2 Developing The Czech Music Industry

Czech musicians are creators, and they would like to see an increasing audience for the live and recorded performances abroad and at home. They would like to see a better working environment that stimulates creativity. They would like to see cultural investments into more European quality stages where they can meet their fans. They want studios to record in world quality, because their music is in competition with the best music of the world in the radios, in shops, in restaurants, on the streaming services or on YouTube.

Czech creators know that they cannot earn as much money as their British or American competitors, but they do not want to fall behind Czech engineers, doctors and other professionals.

Czech musicians, and professionals working in the music industry as technicians or managers, like all Czech citizens, would like to have better working conditions and they would like to see their income catching up with the rest of Europe. They demand to be remunerated proportionally to the rest of the country – while they know that they cannot earn as much money as their British or American competitors, they do not want to fall behind Czech engineers, doctors and other professionals.

The working situation and the working conditions of musicians, and creatives in a more general sense are very different from ‘average jobs’. Almost nobody is employed in the music industry, nobody has a job description, and usually they are not entitled to sick leave. Working as freelancers and as entrepreneurs, music professionals are taxed differently than most people.

2.1 How Musician Work?

The CEEMID Music Professional Survey compared the relative income of Czech music professionals with the surrounding countries similar artists, technicians and managers. The way the survey was designed to allow comparison with the general public, or the ‘average person’, too.

In almost all countries that were surveyed, music professionals had more difficulties with paying bills at the end of the month than most people in the population.

The work of musician, music technicians and managers is peculiar. Full-time musicians often receive 60-70 small, unpredictable payments a year – after concerts, tours, festivals, radio and television plays, on streaming services, from grants. Only very few of them can be sure that their income will be provided a year from now.

A typical full-time musician plays at least 15 concerts a year, releases an album, and makes sure that it is played, and with luck, it is included in a film as soundtrack. Very few musicians have a permanent contract with a talent manager for the concerts, with a publisher for film and theatre music or with a record label that would give them an advance for their recording costs - they have to invest their own money into rehearsals, costumes, choreography and recording studios.

Income Composition of Musicians in the CEE

Figure 2.1: Income Composition of Musicians in the CEE

The income composition of Czech musicians is probably most similar to Hungarian musicians, with somewhat less collectively managed royalty income and somewhat more concert revenues. They are least similar to Austrians (who earn a lot more from modern, licensed music services) and Armenians (who do not rely at all on collectively managed radio, television, restaurant licensing fees.)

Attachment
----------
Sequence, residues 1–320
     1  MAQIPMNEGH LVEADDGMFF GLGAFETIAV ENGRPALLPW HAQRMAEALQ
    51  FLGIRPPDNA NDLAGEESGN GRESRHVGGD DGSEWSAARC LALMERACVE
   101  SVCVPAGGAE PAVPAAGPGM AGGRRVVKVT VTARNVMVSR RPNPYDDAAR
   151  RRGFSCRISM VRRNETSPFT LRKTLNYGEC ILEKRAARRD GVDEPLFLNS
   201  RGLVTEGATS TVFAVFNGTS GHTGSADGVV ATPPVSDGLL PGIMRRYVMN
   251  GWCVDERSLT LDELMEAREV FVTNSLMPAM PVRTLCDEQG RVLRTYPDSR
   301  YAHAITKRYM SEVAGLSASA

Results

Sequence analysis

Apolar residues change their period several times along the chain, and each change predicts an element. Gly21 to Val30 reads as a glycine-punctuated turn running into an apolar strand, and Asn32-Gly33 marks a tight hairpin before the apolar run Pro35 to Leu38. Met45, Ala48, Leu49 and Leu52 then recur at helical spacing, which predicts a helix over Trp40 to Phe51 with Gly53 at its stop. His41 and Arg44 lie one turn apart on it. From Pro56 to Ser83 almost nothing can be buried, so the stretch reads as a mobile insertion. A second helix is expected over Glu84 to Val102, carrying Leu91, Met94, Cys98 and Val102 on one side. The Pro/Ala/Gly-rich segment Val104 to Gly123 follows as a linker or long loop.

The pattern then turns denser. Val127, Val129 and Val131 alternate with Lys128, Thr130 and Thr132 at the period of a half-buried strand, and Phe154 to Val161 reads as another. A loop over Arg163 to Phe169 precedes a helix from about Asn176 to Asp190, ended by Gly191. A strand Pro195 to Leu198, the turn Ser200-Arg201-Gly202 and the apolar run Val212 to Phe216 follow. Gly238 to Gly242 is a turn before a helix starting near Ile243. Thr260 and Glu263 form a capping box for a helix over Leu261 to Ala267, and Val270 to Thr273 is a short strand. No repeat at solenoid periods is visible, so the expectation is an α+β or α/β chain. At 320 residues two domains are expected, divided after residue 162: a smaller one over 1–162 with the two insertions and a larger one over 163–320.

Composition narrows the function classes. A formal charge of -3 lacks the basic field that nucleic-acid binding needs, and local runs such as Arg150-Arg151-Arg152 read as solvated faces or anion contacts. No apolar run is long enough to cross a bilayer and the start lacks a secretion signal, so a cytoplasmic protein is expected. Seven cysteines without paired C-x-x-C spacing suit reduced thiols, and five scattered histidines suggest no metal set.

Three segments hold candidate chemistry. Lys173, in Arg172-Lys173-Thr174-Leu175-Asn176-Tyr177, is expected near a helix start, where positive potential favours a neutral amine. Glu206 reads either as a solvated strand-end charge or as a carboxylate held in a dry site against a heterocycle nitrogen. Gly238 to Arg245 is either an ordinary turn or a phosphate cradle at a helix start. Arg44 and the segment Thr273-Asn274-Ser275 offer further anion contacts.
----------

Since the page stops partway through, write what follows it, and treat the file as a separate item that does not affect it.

Many musicians do not only do artistic work - they often work in music clubs, in record labels, in publishers, in collecting societies, in promoting agencies within the music ecosystem to make ends meet (this is shown in the chart above as other income. And many musicians, technicians and managers are working only with one foot in the music world, because they cannot make ends meet.

All in all, the total survey respondents (not only Czechs) include amateurs, young students, young, middle-aged and older artists and professionals. Concentrating on artists alone, we can see that the sample is not balanced, because participation in music varies over the life cycle, too.

Full-time, Part-time and Other Musicians by Age

Figure 2.2: Full-time, Part-time and Other Musicians by Age

In the beginning, students and amateurs dominate the sample, below the age of 20. By the age of 30-35 ages full-time and part-time musicians dominate the sample, as many amateurs become either at least part-time musicians or give up on playing music. Becoming part-time musician is a dominant model in the late career stage when artists start to retire.

2.2 Why are the creative industries are so invisible?

The nature of the creative jobs is that they contain a wide range of activities. Economists and government policymakers classify industries with the Nomenclature statistique des activités économiques dans la Communauté européenne, in short, with the NACE classification in Europe. This classification is largely harmonized on UN level and can be used to compare almost all economies in the world.

The NACE classification is rooted in the economic structure of the middle 20th century, and it is more appropriate for the classification of manufacturing and trading activities, such as car manufacturing, or retail sale of cars.

The government statistics are largely based on tax returns and other filings of corporate entities with at least 5 employees. While most manufacturing or trading activities, or licensed service activities such as insurance or banking, are easy to classify, the creative industries are different. Because most creative enterprises are smaller than 5 people, they do not file many data for the government or the tax authorities, and they often carry out heterogeneous activities. For example, the music industry is not even recognized by the NACE classification – the live music and compositions can be found in the NACE 90 class, and the sound recordings in the NACE 58 class.